Court decision could affect suit against district - East Valley Tribune: East Valley Local News

Court decision could affect suit against district

Print
Font Size:
Default font size
Larger font size

Posted: Thursday, June 29, 2006 5:54 am | Updated: 2:30 pm, Fri Oct 7, 2011.

Part of a wrongfultermination suit filed against the Scottsdale Unified School District has been dismissed, and another part may be affected by a recent U.S. Supreme Court decision.

The details were heard by members of the district governing board last week when they were updated on the lawsuit filed by Kim Cumby, the district’s former executive director of human resources.

Cumby filed the lawsuit in November 2005. She claimed her connection to former Superintendent Barbara Erwin and involvement in the high-profile investigation of former Sequoya Elementary School principal Maureen Booth, who resigned in 2003 amid allegations she changed students’ test scores, made her a target of three governing board members.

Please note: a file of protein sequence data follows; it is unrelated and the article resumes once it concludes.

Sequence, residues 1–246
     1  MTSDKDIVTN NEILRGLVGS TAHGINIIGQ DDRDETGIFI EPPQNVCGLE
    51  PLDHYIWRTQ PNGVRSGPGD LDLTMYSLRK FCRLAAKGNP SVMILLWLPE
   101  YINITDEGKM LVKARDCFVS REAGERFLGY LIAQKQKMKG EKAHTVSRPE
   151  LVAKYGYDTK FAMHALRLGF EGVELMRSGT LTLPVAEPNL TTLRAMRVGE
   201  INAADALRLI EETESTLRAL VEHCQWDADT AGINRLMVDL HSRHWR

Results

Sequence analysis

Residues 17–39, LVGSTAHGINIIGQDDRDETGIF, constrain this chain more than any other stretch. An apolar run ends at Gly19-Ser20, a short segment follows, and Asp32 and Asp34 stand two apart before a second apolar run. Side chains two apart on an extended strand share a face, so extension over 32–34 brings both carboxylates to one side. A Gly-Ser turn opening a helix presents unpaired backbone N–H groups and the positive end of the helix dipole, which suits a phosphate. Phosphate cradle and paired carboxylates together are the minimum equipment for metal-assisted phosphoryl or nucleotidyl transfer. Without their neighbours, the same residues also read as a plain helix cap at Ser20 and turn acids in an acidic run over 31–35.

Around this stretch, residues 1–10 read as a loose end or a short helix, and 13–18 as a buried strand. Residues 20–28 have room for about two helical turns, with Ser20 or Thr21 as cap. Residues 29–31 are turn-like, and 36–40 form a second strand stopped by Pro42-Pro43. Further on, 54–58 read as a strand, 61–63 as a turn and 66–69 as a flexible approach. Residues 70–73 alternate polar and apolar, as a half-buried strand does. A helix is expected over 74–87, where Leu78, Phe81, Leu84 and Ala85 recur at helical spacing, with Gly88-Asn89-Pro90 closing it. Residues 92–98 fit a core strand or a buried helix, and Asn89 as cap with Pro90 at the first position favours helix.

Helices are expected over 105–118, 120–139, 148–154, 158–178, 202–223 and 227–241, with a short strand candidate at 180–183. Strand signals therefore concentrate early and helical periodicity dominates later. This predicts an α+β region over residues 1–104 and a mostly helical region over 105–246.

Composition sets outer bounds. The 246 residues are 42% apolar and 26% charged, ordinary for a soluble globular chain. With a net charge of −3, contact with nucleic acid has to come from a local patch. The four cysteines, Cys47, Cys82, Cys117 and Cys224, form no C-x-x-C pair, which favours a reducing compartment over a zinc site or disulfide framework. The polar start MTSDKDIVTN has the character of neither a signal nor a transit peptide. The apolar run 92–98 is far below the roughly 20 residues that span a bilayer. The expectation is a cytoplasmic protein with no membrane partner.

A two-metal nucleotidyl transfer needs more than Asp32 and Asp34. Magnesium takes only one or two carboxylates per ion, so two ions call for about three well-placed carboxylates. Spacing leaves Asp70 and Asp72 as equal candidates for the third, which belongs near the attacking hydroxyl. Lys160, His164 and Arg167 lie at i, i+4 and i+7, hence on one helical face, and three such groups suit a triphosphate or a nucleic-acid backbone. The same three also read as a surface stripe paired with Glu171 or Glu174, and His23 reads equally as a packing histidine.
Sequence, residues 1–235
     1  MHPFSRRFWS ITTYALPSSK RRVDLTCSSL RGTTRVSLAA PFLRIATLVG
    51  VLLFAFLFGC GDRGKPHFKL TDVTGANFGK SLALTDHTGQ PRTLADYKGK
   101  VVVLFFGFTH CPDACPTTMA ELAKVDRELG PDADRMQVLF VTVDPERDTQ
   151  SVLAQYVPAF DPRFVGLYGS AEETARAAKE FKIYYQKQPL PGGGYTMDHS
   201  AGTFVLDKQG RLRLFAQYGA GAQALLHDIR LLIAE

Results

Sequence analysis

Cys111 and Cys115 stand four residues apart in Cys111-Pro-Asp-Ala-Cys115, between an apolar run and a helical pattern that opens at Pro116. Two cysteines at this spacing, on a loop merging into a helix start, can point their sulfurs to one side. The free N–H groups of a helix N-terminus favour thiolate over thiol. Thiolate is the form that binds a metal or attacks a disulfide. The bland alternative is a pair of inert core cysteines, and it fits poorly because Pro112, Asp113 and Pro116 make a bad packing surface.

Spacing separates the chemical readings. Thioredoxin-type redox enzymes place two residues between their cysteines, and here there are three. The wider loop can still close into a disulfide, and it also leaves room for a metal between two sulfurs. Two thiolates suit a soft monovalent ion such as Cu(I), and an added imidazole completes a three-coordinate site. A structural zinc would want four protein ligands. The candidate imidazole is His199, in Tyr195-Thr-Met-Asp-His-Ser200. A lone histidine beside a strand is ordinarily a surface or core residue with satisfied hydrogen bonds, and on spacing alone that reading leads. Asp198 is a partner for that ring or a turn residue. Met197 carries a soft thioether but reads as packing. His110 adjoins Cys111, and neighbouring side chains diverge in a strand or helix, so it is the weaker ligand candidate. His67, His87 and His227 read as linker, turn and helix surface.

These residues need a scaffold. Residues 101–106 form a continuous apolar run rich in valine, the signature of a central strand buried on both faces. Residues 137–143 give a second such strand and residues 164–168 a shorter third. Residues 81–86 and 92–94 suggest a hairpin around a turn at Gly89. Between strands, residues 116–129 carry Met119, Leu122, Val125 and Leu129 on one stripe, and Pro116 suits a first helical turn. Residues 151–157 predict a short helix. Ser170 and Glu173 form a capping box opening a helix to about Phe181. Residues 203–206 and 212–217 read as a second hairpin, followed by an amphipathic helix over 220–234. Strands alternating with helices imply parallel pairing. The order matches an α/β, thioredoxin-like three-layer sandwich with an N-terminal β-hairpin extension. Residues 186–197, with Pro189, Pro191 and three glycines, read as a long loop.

The suit also alleged Superintendent John Baracy was pressured by then-board president Christine Schild to fire Cumby. Cumby resigned effective June 30, 2005, after Baracy allegedly told her a change in the way contracts would be renewed made it unlikely the board would extend her contract, according to court documents. A court document filed by the district denied Cumby’s allegations.

In April, the court dismissed the claim that Cumby wasn’t given due process on the ability to renew her contract.

However, another part of the lawsuit may go on to a jury. Cumby’s claim stated that part of the reason she was under fire from the board was that she publicly corrected wrong information about the Booth case that was being spread by some board members. The First Amendment should have protected her in this instance, Cumby’s motion said.

But a recent Supreme Court decision that could be relevant to Cumby’s case might limit her ability to recover damages or knock out her claim altogether, Schild said.

That decision, Garcetti v. Ceballos, said the First Amendment doesn’t protect a public employee from an employer’s discipline if the speech is work related.

  • Discuss

Facebook

EastValleyTribune.com on Facebook

Twitter

EastValleyTribune.com on Twitter

Google+

EastValleyTribune.com on Google+

RSS

Subscribe to EastValleyTribune.com via RSS

RSS Feeds

Spacer4px
Your Az Jobs